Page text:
One of the strangest and most stylish books of the year: a cultural history of swimming, by a dealer in 19th-century paintings. Sprawson learned to swim as a boy in India, at a school where his English father was headmaster. He still swims today, and one of the many pleasures of this aquatic rhapsody is his occasional foray into autobiography, as he struggles across the Hellespont (now clogged with ships) in homage to Byron, or paddles in pools where Tennessee Williams once trolled the waters. Like his natant heroes, Sprawson belongs to a singular society, ``divorced from everyday life, devoted to a mode of exercise where most of the body remains submerged and self-absorbed.'' In the 19th century, the British were the champions of this worldwide fraternity, favoring the breast-stroke and using frogs as their model for kicking. Sprawson dives lustily into the English tradition of the poet as water sprite, which reached its apotheosis with Byron, who exemplified muscular, endurance swimming, and Shelley, who was obsessed with water but never learned to float and who died by drowning. Rupert Brooke swam as a celebration of youth; for Baron Corvo, it was an expression of homosexuality. Meanwhile, across the great briny, Eakins's paintings, Whitman's poems, and London's tales Americanized the sport; later, it became a staple of southern prose as an expression of decadence or sexual release (Sprawson's title comes from a Tennessee Williams story and refers to an incident in a bathhouse). Swimming had its glory days in other nations, too, mostly those that celebrated physical prowess. In Germany, swimming became for Goethe, and later Leni Riefenstahl, a declaration of freedom and beauty. In Japan, it expressed the samurai ideal. But whether East or West, the swimmer is always ``in a continuous dream of a world under water''—a poet of the deeps. Positively liquescent with brilliant images and insights. (Photos—16 pp. b&w—not seen.)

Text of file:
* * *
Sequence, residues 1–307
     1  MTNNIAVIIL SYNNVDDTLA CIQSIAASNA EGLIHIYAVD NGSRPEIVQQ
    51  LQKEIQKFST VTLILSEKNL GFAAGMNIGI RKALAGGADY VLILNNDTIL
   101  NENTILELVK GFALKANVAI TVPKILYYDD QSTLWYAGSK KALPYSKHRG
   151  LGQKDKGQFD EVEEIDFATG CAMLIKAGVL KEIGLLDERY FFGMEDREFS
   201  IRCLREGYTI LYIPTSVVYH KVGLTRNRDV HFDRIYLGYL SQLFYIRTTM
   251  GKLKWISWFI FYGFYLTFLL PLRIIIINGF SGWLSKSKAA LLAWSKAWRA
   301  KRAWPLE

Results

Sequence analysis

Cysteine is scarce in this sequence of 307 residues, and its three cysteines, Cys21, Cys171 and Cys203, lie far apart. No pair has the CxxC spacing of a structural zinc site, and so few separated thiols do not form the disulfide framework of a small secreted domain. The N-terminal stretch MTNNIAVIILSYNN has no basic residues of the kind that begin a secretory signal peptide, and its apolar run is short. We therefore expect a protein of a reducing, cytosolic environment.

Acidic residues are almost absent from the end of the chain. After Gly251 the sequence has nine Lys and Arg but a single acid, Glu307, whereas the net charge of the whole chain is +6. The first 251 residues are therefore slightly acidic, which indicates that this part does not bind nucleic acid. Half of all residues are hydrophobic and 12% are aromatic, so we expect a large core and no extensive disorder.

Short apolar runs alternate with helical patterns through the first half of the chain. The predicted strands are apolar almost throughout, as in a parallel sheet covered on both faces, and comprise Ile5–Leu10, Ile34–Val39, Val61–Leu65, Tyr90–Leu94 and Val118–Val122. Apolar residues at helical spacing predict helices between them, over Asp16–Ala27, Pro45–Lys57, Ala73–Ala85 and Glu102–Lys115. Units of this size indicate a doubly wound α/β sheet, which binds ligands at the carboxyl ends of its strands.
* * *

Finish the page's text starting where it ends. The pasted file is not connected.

Pub Date: Feb. 1, 1993

ISBN: 0-679-42051-7

Page Count: 320

Publisher: Pantheon

Review Posted Online: May 20, 2010

Kirkus Reviews Issue: Dec. 1, 1992

Did you like this book?

No Comments Yet

Stricter than, say, Bergen Evans or W3 ("disinterested" means impartial — period), Strunk is in the last analysis...



Privately published by Strunk of Cornell in 1918 and revised by his student E. B. White in 1959, that "little book" is back again with more White updatings.

Stricter than, say, Bergen Evans or W3 ("disinterested" means impartial — period), Strunk is in the last analysis (whoops — "A bankrupt expression") a unique guide (which means "without like or equal").

Pub Date: May 15, 1972

ISBN: 0205632645

Page Count: 105

Publisher: Macmillan

Review Posted Online: Oct. 28, 2011

Kirkus Reviews Issue: May 1, 1972

Did you like this book?


Possibly inspired by the letters Cleary has received as a children's author, this begins with second-grader Leigh Botts' misspelled fan letter to Mr. Henshaw, whose fictitious book itself derives from the old take-off title Forty Ways W. Amuse a Dog. Soon Leigh is in sixth grade and bombarding his still-favorite author with a list of questions to be answered and returned by "next Friday," the day his author report is due. Leigh is disgruntled when Mr. Henshaw's answer comes late, and accompanied by a set of questions for Leigh to answer. He threatens not to, but as "Mom keeps nagging me about your dumb old questions" he finally gets the job done—and through his answers Mr. Henshaw and readers learn that Leigh considers himself "the mediumest boy in school," that his parents have split up, and that he dreams of his truck-driver dad driving him to school "hauling a forty-foot reefer, which would make his outfit add up to eighteen wheels altogether. . . . I guess I wouldn't seem so medium then." Soon Mr. Henshaw recommends keeping a diary (at least partly to get Leigh off his own back) and so the real letters to Mr. Henshaw taper off, with "pretend," unmailed letters (the diary) taking over. . . until Leigh can write "I don't have to pretend to write to Mr. Henshaw anymore. I have learned to say what I think on a piece of paper." Meanwhile Mr. Henshaw offers writing tips, and Leigh, struggling with a story for a school contest, concludes "I think you're right. Maybe I am not ready to write a story." Instead he writes a "true story" about a truck haul with his father in Leigh's real past, and this wins praise from "a real live author" Leigh meets through the school program. Mr. Henshaw has also advised that "a character in a story should solve a problem or change in some way," a standard juvenile-fiction dictum which Cleary herself applies modestly by having Leigh solve his disappearing lunch problem with a burglar-alarmed lunch box—and, more seriously, come to recognize and accept that his father can't be counted on. All of this, in Leigh's simple words, is capably and unobtrusively structured as well as valid and realistic. From the writing tips to the divorced-kid blues, however, it tends to substitute prevailing wisdom for the little jolts of recognition that made the Ramona books so rewarding.

Pub Date: Aug. 22, 1983

ISBN: 143511096X

Page Count: 133

Publisher: Morrow/HarperCollins

Review Posted Online: Oct. 16, 2011

Kirkus Reviews Issue: Aug. 1, 1983

Did you like this book?